- LDAP (User Management)
If your openSUSE system relied on an LDAP server to provide the
user data, users would not be able to log in to this machine if the
LDAP service was down.
- Kerberos (Authentication)
Authentication would not work and login to any machine would fail.
- CUPS (Network Printing)
Users would not be able to print.
Check whether the network servers are running and whether your network
setup allows you to establish a connection:
The debugging procedure described below only applies to a simple
network server/client setup that does not involve any internal
routing. It assumes both server and client are members of the same
subnet without the need for additional routing.
Use ping hostname
(replace hostname with the hostname of the
server) to check whether each one of them is up and responding to the
network. If this command is successful, it tells you that the host
you were looking for is up and running and that the name service for
your network is configured correctly.
If ping fails with destination host unreachable,
either your system or the desired server is not properly configured
or down. Check whether your system is reachable by running
from another machine. If you can reach your machine from another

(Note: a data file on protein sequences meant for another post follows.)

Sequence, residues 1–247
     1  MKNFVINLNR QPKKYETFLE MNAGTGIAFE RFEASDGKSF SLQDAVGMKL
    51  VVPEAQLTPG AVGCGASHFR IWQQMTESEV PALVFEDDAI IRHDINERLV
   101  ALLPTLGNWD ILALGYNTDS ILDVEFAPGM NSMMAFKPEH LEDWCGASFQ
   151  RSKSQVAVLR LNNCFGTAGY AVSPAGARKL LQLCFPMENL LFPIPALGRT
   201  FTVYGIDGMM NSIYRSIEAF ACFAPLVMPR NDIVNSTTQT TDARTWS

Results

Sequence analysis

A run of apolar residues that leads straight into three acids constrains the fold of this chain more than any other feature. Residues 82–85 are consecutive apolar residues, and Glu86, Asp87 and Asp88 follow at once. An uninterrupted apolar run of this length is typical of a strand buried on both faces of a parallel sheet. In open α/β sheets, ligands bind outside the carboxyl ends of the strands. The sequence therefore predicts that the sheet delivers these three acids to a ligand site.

machine, it is the server that is not running at all or not
If ping fails with unknown host, the name service
is not configured correctly or the hostname used was incorrect. Use
ping -n ipaddress to
try to connect to this host without name service. If this is
successful, check the spelling of the hostname and for a
misconfigured name service in your network. For further checks on
this matter, refer to
If ping still fails, either your network card is not configured
correctly or your network hardware is faulty.
Use host hostname to
check whether the hostname of the server you are trying to connect to
is properly translated into an IP address and vice versa. If this
command returns the IP address of this host, the name service is up
and running. If the host command fails, check all
network configuration files relating to name and address resolution
on your host:
This file is used to keep track of the name server and domain you
are currently using. It can be modified manually or automatically
adjusted by YaST or DHCP. Automatic adjustment is preferable.
However, make sure that this file has the following structure and
all network addresses and domain names are correct:
This file can contain more than one name server address, but at
least one of them must be correct to provide name resolution to
your host. If needed, adjust this file using the YaST DNS and
If your network connection is handled via DHCP, enable DHCP to